67ba2f19: ModuleE!Browser+0×00000129
[…]
667122c6: ModuleF!Check+0×00000126
65e73826: ModuleG!Enum+0×00000406
[…]

From the common stack trace fragment (highlighted in blue) we transferred our investigation to ModuleE and indeed the similar software incident (as the latter trace) was found in our troubleshooting database.

- Dmitry Vostokov @ DumpAnalysis.org + TraceAnalysis.org -

Software Tracing Best Practices (Part 1)

Wednesday, December 29th, 2010

In these post series we are going to discuss the best practices for software tracing implementation including appropriate patterns and their links to software trace analysis patterns. The first one is called Period Timestamp where the start and the end time (and the date if necessary) are recorded in the trace file. This helps in Inter-Correlation and News Value analysis between several different trace types. For example, in one scenario, we had WindowHistory and MessageHistory logs. We identified a problem in the former log as happening at this time:

Handle: 00010196 Class: "ClassA" Title: "TitleA"
   Captured at: 13:36:30:533
[…]

However, when we looked at the latter trace to search for specific window messages posted or sent before that time we saw that the recording started later than the former event:

Start time: 13:36:35:830

Period timestamps are necessary to distinguish Incomplete History from Truncated Trace where in the former case the absence of expected trace message is due to some problem.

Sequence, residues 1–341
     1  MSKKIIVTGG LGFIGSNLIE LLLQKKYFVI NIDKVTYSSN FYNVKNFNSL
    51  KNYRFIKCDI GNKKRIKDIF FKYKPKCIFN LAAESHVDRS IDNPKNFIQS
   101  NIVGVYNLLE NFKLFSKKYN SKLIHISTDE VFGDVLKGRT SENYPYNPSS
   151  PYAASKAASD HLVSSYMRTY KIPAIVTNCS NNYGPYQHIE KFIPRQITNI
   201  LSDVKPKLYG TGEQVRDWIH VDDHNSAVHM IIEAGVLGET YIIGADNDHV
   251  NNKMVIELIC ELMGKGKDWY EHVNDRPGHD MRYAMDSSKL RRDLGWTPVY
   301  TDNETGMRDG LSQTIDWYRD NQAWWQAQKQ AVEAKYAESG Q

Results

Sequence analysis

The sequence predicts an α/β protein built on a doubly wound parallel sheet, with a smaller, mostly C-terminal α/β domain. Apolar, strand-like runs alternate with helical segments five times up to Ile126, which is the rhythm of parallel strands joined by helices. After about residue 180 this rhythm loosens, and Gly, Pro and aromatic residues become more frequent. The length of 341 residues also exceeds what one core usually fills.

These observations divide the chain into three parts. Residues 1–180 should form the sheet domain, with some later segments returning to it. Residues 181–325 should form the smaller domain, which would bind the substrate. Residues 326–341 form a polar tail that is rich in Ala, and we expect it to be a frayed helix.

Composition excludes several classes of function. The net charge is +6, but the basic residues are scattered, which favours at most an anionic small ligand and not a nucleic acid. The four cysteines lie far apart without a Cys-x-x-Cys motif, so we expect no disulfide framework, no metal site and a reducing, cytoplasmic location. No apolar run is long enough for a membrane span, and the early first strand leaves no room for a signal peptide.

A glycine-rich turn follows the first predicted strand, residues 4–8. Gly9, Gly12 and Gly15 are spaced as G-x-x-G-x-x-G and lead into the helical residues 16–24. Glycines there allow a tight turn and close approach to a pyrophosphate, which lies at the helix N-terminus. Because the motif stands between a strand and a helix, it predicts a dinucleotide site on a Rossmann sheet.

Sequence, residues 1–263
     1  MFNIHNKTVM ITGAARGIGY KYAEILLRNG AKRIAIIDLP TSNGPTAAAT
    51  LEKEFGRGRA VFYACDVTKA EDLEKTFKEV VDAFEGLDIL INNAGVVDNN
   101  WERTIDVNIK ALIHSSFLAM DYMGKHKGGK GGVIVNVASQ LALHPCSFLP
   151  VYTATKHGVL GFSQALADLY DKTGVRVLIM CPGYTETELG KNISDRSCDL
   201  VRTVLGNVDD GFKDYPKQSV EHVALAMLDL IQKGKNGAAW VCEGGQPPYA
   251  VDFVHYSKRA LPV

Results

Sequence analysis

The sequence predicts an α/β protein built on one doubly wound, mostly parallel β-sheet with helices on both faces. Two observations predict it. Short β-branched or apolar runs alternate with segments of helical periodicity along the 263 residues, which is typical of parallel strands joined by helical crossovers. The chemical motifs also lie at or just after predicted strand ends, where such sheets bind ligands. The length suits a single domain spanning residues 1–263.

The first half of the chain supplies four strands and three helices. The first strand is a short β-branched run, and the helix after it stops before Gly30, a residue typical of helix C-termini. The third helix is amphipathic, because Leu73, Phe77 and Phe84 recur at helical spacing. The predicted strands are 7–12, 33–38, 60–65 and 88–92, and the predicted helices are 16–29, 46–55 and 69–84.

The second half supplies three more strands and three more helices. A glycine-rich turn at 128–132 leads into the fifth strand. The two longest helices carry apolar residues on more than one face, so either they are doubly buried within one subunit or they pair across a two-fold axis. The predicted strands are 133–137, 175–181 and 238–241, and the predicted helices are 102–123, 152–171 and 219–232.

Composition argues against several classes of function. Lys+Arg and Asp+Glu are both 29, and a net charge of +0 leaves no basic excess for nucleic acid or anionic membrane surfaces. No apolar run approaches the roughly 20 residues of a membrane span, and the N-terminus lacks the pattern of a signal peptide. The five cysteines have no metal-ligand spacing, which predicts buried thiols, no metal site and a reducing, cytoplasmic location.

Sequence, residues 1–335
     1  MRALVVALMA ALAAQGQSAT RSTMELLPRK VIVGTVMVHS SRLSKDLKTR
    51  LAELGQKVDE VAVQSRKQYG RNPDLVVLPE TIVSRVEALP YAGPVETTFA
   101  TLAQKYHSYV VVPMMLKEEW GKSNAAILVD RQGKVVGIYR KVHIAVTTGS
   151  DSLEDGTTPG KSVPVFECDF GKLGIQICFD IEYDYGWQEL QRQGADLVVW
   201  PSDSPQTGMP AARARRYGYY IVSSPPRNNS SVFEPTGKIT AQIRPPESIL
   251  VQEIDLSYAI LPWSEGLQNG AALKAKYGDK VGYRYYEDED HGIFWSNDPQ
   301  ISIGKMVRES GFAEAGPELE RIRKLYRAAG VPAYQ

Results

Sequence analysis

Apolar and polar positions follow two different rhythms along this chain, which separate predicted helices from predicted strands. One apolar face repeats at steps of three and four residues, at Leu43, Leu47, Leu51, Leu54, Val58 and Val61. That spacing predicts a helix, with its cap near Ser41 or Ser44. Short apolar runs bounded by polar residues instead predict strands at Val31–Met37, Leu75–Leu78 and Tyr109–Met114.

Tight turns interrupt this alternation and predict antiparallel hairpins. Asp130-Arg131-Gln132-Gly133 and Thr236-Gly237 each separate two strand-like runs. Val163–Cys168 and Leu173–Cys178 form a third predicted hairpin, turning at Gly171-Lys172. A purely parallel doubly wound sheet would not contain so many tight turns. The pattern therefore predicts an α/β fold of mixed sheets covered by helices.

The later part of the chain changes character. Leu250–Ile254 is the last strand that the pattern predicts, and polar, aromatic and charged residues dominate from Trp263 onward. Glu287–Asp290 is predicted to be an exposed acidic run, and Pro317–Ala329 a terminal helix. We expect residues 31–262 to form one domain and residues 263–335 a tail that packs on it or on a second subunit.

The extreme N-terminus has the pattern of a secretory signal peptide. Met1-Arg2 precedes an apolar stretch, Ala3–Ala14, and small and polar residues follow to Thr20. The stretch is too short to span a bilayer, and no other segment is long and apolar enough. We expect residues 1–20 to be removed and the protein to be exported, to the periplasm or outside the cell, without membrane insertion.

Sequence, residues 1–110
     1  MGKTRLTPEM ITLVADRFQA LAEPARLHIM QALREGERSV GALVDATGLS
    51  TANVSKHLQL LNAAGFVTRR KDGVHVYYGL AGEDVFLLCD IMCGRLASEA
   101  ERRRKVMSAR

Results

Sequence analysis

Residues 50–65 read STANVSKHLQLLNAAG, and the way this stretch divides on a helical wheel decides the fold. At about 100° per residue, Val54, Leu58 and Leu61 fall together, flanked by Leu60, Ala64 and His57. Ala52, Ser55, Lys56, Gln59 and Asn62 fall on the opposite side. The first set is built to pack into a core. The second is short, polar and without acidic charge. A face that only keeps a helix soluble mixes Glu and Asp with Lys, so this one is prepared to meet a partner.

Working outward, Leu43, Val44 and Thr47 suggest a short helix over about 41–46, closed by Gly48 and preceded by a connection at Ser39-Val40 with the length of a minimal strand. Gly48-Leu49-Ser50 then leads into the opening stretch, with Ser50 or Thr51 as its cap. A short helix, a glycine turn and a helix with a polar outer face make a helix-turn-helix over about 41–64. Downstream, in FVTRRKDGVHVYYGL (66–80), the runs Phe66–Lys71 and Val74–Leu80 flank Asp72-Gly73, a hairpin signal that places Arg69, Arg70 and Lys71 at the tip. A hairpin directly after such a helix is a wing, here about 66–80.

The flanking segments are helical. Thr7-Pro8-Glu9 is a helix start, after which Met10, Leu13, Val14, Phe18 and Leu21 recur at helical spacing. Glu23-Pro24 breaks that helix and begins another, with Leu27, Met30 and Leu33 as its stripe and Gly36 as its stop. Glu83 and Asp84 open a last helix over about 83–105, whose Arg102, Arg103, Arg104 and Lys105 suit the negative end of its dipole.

From a unified debugging patterns perspective we have this sequence fragment:

Implementation Patterns: Period Timestamp

Usage Patterns: Trace Simultaneously

- Dmitry Vostokov @ DumpAnalysis.org + TraceAnalysis.org -

Debugging in 2021: Trends for the Next Decade (Part 1)

Friday, December 17th, 2010

As the new decade is approaching (2011-2020) we would like to make a few previews and predictions:

- Increased complexity of software will bring more methods from biological, social sciences and humanities in addition to existing methods of automated debugging and computer science techniques

- Focus on first fault software problem solving (when aspect)

- Focus on pattern-driven software problem solving (how aspect)

- Fusion of debugging and malware analysis into a unified structural and behavioral pattern framework

- Visual debugging, memory and software trace visualization techniques

- Software maintenance certification

- Focus on domain-driven troubleshooting and debugging tools as a service (debugware TaaS)

- Focus on security issues related to memory dumps and software traces